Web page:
Frédéric Chopin - Concerto in f-minor

Frédéric Chopin - Concerto in f-minor

Warsaw (Poland) — 1829–1830

Brought out of the country just in time: one of the few compositions by Chopin spared the destruction of World War II

  1. This work, created when Frédéric Chopin (1810–1849) was around 20 years old, premiered to a sold out audience in Warsaw

  2. The manuscript was evacuated out of Poland in the face of the German invasion in September of 1939

  3. Many other Chopin manuscripts were lost or destroyed during World War II, making this a priceless artifact

Frédéric Chopin - Concerto in f-minor

  1. Description
  2. Facsimile Editions (3)
Description
Frédéric Chopin - Concerto in f-minor

An original manuscript of the hugely successfully Concerto in F-minor, one of the earliest and greatest successes of Frédéric Chopin (1810-49). The work premiered on March 17th, 1830 in Warsaw and enjoyed instant popularity. This piece is one of the first Romantic concertos and is also significant for being one of the only works to be written in the composer’s hand that has survived to the day.

Concerto in F minor - First Reception

The work was created between October 1829 and February 1830, when Chopin was around 20 years old. The full name of the piece is Piano Concerto No. 2 in F minor, Op. 21, indicating that this is Chopin’s twenty first composition (from the Latin opus – “work”). The first composer to use this designation was Biagio Marini (1617), while Ludwig van Beethoven was the first to use the opus number in a systematic manner. Although Chopin’s Concert in F minor was composed before the Concerto in E minor (though in the same year), it is called the second one due to the higher opus number. The Concert in E minor was published in 1833 in Paris and Leipzig and the F minor only in 1836. Both concerts are the first significant pieces composed by Chopin after he completed his musical studies. They were first presented in Chopin’s’ sitting room in the Krasiński Palace (orchestral parts were then organized for chamber ensembles), to the elite of musical Warsaw and the closest friends and family of the composer, and later to a broader audience on the scene of the National Theater in Warsaw. The rehearsal in the sitting room was held on March 3rd, 1830 and the long-awaited premiere (a sell-out by all accounts) of the Concerto in F minor on March 17th, 1830. Solo parts were played by the composer himself and the orchestra was directed by Karol Kurpiński.

An Instant Success

The concert was met with an enthusiastic reception of the audience and critics alike. Maurycy Mochnacki in the Polish Courier wrote: the adagio in Mr. Chopin’s concert is a unique work of an extraordinary musical genius. Indeed! He who starts so young, will make his name known far and wide. The second concert was held in the National Theatre already on March 22nd. During the performance, Chopin was displeased with the tone of his piano and decided to change the instrument. The new piano, this time to the composer’s full satisfaction, was provided by a Russian general, Diakov. During the second concert, apart from the above mentioned piece, Chopin also played Rondo à la Krakowiak and improvised during the encores. The artist was strongly urged to give a third concert, but was busy working on new pieces and tired with the praise that he considered exaggerated.

Chopin's Brilliant Composition

The Concerto in F minor was composed in accordance with the brilliant conventions of the genre introduced by Mozart, though adopted by Chopin directly from Johann Nepomuk Hummel. It was a style of piano music popular in the first half of the 19th century. However, Chopin, in both his concertos, took the style to its apogee, infusing it with the new, Romantic dimension. The concerto is split into three movements: I Maestoso in F minor, II Larghetto in a key relative to F minor, i.e. A-flat, and III Allegro vivace in F minor. The first of these movements is composed as a sonata with double exposure: the piece is first played by the orchestra, and later by the soloist where the solo part is much more elaborate. The second movement of the concerto, which is a nocturne, plays a significant part in the composition. The final of the concerto, played as a rondo, features motifs inspired by Polish folk dances. It exhibits the elements of the Polish mazurek and kujawiak. In the third movement, the violins play col legno (which means by striking the string with the stick of the bow) and accompany the piano playing the melody of the mazurka. Some accuse the composer of failure to achieve balance between the orchestra part and the solo piano part which is slightly longer. However, we have to bear in mind that Frederic was just shy of 21 years at the time and had no prior experience with an orchestra. However, the sheer excellence of the piano parts more than makes up for this imbalance – this is attested by the fact that arguably every significant pianist has this concerto in his repertoire.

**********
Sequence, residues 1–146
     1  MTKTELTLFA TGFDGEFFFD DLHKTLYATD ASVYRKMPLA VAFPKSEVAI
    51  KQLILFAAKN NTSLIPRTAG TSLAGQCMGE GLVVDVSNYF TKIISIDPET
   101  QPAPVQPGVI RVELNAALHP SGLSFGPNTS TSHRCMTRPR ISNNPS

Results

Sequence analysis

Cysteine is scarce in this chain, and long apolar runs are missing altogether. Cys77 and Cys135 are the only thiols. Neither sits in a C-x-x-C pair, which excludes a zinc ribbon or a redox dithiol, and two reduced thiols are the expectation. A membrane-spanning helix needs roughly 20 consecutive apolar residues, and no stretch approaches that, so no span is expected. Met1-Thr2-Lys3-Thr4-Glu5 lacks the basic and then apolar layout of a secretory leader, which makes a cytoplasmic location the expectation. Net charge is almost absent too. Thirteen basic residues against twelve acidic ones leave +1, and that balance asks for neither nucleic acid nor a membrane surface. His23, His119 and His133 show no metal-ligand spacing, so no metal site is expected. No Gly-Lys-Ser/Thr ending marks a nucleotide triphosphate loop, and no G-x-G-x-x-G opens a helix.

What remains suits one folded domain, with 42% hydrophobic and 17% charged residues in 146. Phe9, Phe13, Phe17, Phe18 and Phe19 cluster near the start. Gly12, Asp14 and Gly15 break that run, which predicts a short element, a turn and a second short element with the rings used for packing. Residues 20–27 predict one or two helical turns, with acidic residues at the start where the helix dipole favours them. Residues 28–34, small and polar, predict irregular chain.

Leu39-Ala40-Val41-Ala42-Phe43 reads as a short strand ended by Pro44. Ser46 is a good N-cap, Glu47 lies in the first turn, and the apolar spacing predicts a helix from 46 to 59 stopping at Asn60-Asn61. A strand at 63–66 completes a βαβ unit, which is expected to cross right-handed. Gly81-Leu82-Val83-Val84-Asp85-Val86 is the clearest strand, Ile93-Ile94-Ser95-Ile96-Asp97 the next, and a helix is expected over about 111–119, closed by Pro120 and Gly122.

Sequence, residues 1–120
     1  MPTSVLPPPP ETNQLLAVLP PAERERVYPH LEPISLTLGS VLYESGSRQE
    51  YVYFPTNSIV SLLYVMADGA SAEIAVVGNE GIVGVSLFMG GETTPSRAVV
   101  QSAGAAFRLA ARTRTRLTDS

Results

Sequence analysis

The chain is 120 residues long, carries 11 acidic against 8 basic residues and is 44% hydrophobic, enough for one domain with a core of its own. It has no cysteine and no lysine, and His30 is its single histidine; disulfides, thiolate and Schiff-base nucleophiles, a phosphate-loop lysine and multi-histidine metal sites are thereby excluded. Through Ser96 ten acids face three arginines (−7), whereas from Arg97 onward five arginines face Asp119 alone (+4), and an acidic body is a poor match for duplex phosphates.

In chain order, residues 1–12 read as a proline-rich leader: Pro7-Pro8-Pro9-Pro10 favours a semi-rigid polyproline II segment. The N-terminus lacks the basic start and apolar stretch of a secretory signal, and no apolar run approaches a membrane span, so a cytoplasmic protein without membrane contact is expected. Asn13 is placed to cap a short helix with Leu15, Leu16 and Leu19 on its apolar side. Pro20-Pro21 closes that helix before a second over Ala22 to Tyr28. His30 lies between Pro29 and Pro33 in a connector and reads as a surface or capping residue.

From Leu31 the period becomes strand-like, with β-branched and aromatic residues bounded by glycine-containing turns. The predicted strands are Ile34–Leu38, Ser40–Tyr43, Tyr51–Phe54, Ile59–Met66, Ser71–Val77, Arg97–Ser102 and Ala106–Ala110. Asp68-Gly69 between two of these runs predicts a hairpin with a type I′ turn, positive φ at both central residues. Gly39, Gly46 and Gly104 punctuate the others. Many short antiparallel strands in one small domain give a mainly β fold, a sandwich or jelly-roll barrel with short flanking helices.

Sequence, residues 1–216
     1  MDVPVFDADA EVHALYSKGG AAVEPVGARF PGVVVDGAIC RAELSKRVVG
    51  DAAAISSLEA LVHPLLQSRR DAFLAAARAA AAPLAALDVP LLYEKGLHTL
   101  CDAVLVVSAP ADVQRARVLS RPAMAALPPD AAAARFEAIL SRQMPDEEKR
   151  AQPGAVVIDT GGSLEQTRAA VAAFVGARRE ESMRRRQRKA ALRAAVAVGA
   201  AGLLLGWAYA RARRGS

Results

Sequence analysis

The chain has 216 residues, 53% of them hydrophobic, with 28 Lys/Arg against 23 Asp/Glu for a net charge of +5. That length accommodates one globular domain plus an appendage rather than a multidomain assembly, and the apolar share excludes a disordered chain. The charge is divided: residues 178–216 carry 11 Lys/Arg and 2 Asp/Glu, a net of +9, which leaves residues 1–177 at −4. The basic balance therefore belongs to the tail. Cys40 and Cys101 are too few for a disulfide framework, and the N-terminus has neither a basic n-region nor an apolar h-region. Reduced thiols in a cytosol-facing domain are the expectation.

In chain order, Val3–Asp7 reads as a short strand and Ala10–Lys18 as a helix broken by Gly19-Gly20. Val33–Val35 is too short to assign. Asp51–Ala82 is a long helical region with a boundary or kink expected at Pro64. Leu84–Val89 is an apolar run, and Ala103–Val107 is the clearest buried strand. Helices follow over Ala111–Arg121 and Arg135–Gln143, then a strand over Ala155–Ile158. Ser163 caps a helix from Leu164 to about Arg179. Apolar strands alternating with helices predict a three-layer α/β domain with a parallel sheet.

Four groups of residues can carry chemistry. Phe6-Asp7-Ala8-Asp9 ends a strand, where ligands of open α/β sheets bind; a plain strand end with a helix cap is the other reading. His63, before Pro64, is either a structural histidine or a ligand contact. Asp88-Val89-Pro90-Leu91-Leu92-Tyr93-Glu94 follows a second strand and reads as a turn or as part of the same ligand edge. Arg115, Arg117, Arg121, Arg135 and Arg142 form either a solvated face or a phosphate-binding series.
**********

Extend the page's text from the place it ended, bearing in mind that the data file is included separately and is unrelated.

Real Romantic Piece

Chopin’s piece became the starting point for the Romantic concerto. As Chopin openly admitted in his letters to his friend, Tytus Woyciechowski, this piece was inspired by his feelings for Konstancja Gładkowska, a singer. “Because I, maybe luckily, already have my ideal, whom I faithfully, though silently, have been serving for the last six months, whom I dream of, in whose memory I have composed the adagio for my Concerto...” – this is what the composer wrote in his letter to his friend on October 3rd, 1829. Konstancja met Chopin on April 21st, 1829, during a concert of the soloists of the Warsaw conservatory, where she was learning to sing tutored by Carlo Soliva. She was Chopin’s first love, though their relationship only lasted 18 months and ended after Chopin left for Paris – she and Chopin corresponded for another year, only to ultimately lose all contact. The Concerto in F minor published only in 1836 was dedicated to Delfina Potocka, just as the presented edition autograph from 1830. Delfina Potocka, dubbed the muse of Polish romanticism, was a long-time friend of Chopin. She met him in Dresden in 1830, probably in her mother’s house, and in 1832 she settled in Paris were she became a pupil of the composer. Their close relations often fueled gossip regarding their alleged love affair – in mid–20th century love letters to support this claim were even manufactured.